This rooftop piece was cut out on the Bosskut Gazelle, so the scallops were cut out using my own measurements, however, the Fiskars "Cloud Edgers" (scissors) could also be used here again.  This piece also needs to be deep enough to cover the scallops sitting on the top edges of the walls.  So I would start with it being at least 3cm deep.

the rooftop attic cut out using the Bosskut Gazelle
the centre square is joined to the white lid using double-sided tape

roof top piece/attic stuck together

A large overall roof was cut out and fixed to the top of this attic.
 
to achieve the overhang effect
this was longer and wider than the rooftop attic piece
 
these Christmas lollies were the "shingles" on the roof
printed out from clipart
and sized according to the round punch I have
they were smeared with PVA glue to give an overall shiny effect

Henceforth, there seems to be a lack of photography, so the house goes from being semi-finished to completely done. Oooops!
 
 





Looks good enough to eat!

15 December 2012

Pretty Flowerpot

An everlasting bunch of daisies.  These were given as a treat to a special friend who's in hospital.  You can no longer bring flowers into some wards because of the bugs that the flowers may carry.


 They'll just need to be dusted occasionally. 


A closeup of the centre of the flower.  Four circles, folded in half and glued together to form a semi-sphere.
 
 
Get well soon precious, we miss you here.

09 December 2012

Christmas Crackers

On the first day of Christmas, my KK gave to me . . .
 
This charming Christmas Carol is the theme for my Kris Kringle this year (I have used this theme before but in a slightly different way).  Below are the steps that I followed to make the crackers; obviously, given the nature of the carol, 12 will be secretly distributed over the next three weeks.


Strictly speaking this isn't for my Kris Kringle per se; my KK will remain a mystery to me until big reveal on the final day of school, but we all use the term interchangeably between the giver and the recipient of gifts.


things that you'll need to build your cracker

 Gather your ingredients:
  • Cardboard tubing from a roll of wrapping paper (do NOT use toilet paper inserts, if I have to explain why then I'm sorry, but we can't be friends anymore);
  • Wrapping paper to roll around the tubing;
  • Bon bon snaps (PS: like Duracell Batteries, these last forEVA, mine are over twelve years old);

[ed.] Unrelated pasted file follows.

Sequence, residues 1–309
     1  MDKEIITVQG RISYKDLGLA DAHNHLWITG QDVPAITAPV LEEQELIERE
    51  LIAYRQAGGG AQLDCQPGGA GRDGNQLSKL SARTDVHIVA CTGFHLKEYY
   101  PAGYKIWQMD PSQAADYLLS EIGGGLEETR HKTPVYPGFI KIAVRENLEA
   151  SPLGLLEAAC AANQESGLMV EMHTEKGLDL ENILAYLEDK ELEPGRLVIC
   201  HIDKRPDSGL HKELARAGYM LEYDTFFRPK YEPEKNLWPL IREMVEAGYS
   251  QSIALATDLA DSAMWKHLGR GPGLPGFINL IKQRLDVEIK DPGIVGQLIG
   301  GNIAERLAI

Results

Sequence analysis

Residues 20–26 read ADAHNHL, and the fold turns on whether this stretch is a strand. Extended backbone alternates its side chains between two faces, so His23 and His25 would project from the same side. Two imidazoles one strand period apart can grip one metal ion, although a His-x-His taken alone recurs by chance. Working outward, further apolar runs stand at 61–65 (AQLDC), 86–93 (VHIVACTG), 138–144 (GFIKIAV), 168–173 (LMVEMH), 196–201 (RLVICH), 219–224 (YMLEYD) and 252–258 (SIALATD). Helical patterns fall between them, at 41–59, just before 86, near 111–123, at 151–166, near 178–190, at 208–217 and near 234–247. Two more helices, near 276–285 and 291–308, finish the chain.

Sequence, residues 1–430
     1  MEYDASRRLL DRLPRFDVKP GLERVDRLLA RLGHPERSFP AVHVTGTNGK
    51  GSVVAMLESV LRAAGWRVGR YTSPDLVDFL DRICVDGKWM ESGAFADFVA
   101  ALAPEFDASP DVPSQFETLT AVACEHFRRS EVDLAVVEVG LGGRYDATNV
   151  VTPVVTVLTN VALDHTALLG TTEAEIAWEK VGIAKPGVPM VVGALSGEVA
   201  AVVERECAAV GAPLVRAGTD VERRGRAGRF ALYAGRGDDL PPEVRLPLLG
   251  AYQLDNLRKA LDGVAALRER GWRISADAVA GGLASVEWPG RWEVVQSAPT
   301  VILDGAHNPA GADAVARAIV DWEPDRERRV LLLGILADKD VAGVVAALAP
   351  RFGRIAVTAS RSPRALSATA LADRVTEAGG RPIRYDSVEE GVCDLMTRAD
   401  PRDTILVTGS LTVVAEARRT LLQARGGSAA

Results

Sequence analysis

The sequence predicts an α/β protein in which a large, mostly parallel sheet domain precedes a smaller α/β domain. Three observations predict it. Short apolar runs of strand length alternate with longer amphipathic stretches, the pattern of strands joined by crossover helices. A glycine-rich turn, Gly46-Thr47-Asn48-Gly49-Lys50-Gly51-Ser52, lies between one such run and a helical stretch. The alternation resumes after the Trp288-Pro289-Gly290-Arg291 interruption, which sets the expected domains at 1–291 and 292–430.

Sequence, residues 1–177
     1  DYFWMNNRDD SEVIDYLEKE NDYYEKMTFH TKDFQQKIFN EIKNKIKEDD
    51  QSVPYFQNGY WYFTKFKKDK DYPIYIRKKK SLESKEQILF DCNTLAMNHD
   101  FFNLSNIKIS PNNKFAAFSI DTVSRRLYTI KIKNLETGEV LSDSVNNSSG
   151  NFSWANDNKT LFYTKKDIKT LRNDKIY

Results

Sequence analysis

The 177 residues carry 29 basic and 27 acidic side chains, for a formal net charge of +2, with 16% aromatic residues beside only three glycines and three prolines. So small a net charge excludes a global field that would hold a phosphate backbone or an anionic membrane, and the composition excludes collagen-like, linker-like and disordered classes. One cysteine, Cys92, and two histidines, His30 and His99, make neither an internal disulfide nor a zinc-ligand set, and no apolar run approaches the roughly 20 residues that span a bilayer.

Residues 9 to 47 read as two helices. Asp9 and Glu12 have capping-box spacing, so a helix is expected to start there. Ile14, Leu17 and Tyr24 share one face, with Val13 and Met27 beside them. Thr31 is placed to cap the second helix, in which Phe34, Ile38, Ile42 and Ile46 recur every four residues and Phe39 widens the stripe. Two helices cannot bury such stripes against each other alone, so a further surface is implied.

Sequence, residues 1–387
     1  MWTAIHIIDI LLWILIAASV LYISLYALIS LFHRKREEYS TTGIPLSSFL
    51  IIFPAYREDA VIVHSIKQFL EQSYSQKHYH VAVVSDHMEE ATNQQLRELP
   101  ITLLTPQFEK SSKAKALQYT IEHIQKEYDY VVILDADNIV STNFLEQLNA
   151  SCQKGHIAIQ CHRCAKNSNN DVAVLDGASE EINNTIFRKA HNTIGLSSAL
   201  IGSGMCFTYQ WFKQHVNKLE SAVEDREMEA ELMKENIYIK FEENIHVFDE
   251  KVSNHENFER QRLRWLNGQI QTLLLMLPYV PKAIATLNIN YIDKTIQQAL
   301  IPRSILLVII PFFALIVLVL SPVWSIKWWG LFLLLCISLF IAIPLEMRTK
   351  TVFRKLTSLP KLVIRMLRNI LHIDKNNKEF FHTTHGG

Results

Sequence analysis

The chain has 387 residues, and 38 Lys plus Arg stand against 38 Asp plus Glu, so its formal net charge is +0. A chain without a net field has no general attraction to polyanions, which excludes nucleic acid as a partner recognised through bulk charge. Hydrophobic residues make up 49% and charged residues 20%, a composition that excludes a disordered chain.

• Treats for inside (I have a collection of Morgan and Finch wooden ornaments that will eventually adorn a wooden tree, this tree will become the final gift);
  • Tissue paper to wrap the said treats
  • Jokes/Sentiments to place inside the tubing along with the treats;
  • Ribbon to tie off the ends of the paper;
  • Decorations for final bon bons / crackers.


What to do:
Cut your cardboard tube in 10cm lengths.  These ones also happen to measure 5cm in diameter.
Cut your wrapping paper into rectangles measuring 18x35cm.
 
the pencil is pointing to where a small dot
of glue has been placed
Place the tubing against the long side of the rectangle and put a small dot of glue on the edge of the edge of the paper and in the middle of its length.
 
Move the tubing so that it is over the glue and hold in place. Next place your snap underneath the tubing. Do not stick down the snap; the wrapping paper and final ribbon should hold it in place.
  
Place your treat, which has been wrapped in tissue paper inside the tubing . . . .

. . . together with the sentiment that is accompanying it.

I did these steps one-by-one, very methodically, wrapping each gift as I went along.  As you can see from the above sentiment, these were sequentially important and I wanted to be sure that the right treats and messages went into the right tubes.

Roll the tubing along the wrapping paper (snuggly) until you get to the end; place more glue along this other long edge and seal the cracker closed.
 
 
Gather your ribbon and cut it into 30cm lengths.  Two lengths will be needed for each cracker.  The more astute of you readers may notice that the above ribbon is not the same as the one I used in the images at the top of this post.  What can I say?  Despite what I say and seem to appear, I am not the most organised person I know.  I ran out of the sparkly red stuff early on.
  
 
Tie a ribbon at the top and the bottom of the cracker, be firm but careful.  If you're too zealous, the paper will tear (speaking from experience).  I didn't get too fussy with bows, in fact I didn't tie the ribbon into bows - it was past midnight after all.

 
Find your groovy embellishment and . . .


. . . stick him/her/it onto the cracker using double-sided tape.

That's all there is to it!!  Long-winded as usual from the home of Papier and Cakes, but hopefully straight forward enough for you to follow.

02 December 2012

Welcome Back Sunshine

Summer arrived just a couple of days earlier this year.  On Thursday we blistered, withered and sweltered through a stinking hot 38c day.
 
I think she needs a haircut
 
Relishing this incredible heat and possibly thriving all the better for it, are my rose bushes; namely the Seafoam.
 
 
Secretly I call her Naomi Campbell.  Tall, beautiful and elegant to look at.  But don't get too close, because those claws of hers can really tear you up!!  Hee hee.